Without being within the stream of Christian history, we are divorced from the consciousness of our brothers and sisters in Christ throughout the ages. These are the same men and women who died for the faith, hand-copied the Scriptures, and persevered in the faith by the grace of the Holy Spirit. To separate ourselves from these men and women is to deny the work of the Spirit in them, and in so doing schism rejects the Holy Spirit with it. For this reason, defending historical Marian doctrine is so important.
//This compels one to ask on what consistent grounds can one reject Orthodox Marian doctrines as part of early Church practice, but not reject the Biblical Canon or Christology the same//
Great point. This is one of the things I continually struggle with as I read through the Church Fathers. There is so much in their writings that is simply not Protestant.
Yes. I think the major thing that places the fathers and modern Orthodox apart is 1600 years. The Church has definintely changed in 1600 years, we have clarified things, we words some things a little differently. The way the Church spoke about grace in early Church history IMHO was vaguely more Protestant that modern Orthodox formulations, which are clearly worded in such a fashion to categorically reject forensic righteousness (which is true, because forensic righteousness is unbiblical and unknown in Church History.) Further, the veneration of the saints has certainly grown more elaborate.
It was my difficulty with sorting through those two issues, and understanding that the Orthodox teach the same today than they did 1600 years ago, that prevented my earlier conversion to Orthodoxy. Emphasis has certainly changed over the centuries.
More to the point, I sincerely doubt there exists a single academic anywhere–Catholic or Protestant–who doesn’t hold to Marian devotion being an innovation.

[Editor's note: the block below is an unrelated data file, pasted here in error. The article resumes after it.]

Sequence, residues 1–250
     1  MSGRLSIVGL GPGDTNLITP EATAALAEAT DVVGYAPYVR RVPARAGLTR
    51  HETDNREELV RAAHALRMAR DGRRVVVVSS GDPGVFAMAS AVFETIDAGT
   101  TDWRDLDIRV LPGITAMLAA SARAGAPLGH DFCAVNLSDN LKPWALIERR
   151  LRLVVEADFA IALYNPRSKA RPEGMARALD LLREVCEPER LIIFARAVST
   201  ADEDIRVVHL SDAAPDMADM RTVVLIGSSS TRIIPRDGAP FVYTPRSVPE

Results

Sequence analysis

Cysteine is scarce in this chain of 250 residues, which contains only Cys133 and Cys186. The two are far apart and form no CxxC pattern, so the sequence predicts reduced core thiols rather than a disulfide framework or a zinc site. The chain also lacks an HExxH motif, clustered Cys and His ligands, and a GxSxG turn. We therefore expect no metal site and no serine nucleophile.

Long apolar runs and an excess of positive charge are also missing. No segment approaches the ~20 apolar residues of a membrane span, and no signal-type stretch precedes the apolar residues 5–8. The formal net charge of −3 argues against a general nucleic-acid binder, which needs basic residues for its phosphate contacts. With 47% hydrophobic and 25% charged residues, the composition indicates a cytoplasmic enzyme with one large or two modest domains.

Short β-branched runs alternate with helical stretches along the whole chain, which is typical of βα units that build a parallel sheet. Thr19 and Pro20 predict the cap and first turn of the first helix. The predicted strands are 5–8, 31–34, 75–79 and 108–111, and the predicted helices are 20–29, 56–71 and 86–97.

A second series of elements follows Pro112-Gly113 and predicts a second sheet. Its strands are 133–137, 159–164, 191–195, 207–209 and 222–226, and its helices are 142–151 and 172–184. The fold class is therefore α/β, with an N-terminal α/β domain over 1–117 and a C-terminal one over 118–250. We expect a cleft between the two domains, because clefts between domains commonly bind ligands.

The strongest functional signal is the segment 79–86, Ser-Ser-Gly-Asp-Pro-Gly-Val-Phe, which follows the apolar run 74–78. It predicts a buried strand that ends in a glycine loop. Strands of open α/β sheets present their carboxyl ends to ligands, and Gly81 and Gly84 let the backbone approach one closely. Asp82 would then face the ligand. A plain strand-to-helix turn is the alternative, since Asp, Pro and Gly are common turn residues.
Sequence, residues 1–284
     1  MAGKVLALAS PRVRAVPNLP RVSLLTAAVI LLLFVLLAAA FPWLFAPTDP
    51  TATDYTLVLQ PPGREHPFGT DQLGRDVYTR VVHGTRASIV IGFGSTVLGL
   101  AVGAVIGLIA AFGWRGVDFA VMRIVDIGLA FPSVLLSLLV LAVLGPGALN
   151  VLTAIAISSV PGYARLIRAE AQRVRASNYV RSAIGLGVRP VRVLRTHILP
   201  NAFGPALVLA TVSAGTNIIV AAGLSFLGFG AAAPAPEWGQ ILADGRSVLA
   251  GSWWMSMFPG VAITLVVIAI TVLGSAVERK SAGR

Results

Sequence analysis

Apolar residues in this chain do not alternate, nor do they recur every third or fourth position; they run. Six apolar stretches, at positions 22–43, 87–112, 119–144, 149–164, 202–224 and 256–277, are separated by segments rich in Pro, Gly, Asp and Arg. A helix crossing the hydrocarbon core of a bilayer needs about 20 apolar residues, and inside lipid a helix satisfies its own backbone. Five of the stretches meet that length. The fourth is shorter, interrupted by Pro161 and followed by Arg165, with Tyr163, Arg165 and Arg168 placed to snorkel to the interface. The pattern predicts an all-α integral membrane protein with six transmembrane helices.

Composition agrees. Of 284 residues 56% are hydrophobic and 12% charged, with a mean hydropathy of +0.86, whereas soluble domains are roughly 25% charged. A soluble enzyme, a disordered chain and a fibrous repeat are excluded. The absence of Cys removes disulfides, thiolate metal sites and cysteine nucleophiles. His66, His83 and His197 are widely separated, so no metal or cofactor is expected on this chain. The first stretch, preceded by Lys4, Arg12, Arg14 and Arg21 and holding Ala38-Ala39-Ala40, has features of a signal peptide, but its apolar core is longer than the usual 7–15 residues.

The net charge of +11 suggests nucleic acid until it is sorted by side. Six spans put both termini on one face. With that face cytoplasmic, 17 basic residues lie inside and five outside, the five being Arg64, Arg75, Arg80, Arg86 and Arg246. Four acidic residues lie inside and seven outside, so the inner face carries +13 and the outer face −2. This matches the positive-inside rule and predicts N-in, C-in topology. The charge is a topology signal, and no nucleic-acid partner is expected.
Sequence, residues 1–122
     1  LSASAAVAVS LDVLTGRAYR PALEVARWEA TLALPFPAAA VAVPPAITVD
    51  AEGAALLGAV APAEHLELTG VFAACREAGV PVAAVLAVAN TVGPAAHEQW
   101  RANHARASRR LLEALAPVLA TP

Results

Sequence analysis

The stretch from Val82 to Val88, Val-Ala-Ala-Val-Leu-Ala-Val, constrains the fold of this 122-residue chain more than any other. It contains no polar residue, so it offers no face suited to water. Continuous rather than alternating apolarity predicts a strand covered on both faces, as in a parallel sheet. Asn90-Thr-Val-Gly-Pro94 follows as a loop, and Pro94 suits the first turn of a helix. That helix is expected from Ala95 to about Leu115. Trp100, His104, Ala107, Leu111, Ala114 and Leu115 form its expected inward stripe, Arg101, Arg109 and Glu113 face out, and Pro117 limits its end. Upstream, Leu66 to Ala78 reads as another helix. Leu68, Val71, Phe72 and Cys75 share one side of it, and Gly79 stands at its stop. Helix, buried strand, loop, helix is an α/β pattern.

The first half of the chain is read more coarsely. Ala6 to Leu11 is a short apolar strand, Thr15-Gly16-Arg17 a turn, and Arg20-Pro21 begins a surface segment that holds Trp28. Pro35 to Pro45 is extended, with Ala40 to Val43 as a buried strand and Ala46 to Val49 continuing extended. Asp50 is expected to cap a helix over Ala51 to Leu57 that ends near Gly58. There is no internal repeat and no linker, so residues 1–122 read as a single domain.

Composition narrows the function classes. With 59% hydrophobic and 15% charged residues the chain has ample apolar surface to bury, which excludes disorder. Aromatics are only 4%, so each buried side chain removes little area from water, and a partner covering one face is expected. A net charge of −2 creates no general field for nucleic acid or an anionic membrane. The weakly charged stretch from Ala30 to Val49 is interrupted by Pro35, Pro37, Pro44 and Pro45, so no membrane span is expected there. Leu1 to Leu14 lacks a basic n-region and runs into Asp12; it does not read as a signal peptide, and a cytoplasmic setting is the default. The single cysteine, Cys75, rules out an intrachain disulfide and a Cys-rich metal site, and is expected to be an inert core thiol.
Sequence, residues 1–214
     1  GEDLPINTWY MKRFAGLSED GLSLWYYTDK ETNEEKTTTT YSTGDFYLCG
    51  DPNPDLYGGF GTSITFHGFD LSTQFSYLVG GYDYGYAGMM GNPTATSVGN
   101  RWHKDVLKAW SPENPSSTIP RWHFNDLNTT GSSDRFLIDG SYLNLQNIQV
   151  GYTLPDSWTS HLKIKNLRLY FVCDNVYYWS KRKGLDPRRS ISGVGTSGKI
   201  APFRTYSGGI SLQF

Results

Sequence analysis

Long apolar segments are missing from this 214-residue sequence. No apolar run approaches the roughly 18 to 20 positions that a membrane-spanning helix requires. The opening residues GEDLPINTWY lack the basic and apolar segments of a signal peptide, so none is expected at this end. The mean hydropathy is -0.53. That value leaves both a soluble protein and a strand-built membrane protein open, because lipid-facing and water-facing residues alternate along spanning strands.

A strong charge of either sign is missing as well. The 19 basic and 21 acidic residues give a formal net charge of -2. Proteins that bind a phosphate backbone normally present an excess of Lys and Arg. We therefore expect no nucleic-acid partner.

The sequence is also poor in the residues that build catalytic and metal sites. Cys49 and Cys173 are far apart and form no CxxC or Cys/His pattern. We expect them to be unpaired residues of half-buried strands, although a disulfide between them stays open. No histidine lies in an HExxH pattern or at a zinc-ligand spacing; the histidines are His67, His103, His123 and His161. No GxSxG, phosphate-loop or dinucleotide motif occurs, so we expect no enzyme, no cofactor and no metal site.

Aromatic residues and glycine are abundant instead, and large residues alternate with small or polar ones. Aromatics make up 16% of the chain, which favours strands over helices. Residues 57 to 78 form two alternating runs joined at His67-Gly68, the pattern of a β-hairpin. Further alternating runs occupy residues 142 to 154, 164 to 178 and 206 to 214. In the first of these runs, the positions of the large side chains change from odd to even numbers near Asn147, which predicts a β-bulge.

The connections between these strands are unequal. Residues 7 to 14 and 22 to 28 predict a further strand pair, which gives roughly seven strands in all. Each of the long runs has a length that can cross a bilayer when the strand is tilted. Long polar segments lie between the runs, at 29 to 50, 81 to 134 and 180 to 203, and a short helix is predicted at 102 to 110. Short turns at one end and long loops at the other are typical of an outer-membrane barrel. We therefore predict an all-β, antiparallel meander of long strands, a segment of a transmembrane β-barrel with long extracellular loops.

The simplest explanation is normally the best explanation. Spotty evidence–all of it pseudepigraphal–points to spotty practice.
Besides, iconographic evidence shows a plain, everywoman, humbly raising arms to pray…become a regally dressed, superwoman “Queen of Heaven.”
Scripture and the Apostolic Fathers paint a picture of an entirely different woman than post-Council-of-Ephesus Christendom.
I prefer to emulate the simple handmaiden of the Lord in her submission to the Spirit. You can keep the other Mary. I don’t recognize her.
Heck, SHE doesn’t recognize her!
A few things you wrote are not quite accurate:
1. I’d love for you to cite a single Protestant theologian or historian who believes that Marian devotion began in the Middle Ages. Some circles may indeed deprioritize knowledge of church history, but very few can be THAT dim witted.
2. TurretinFan’s article (on the AO Ministry site) does NOT see Marian veneration as beginning in the 15th century, but the complete version of the Hail Mary (which does indeed date to 1495 and Savonarola).
3. I think it uncharitable to claim that Protestants “push forward” the dating of say, the Sub Tuum. (Any more than one should say Conservative Catholics and Eastern Orthodox adherents “push back” the date. )The long and short of that particular document is that it is in an individual’s unique hand and cannot be dated textually with any precision. Content doesn’t carry the day, but it is hardly extraneous. Marian veneration DOES proliferate after the Council of Ephesus. That’s beyond debate.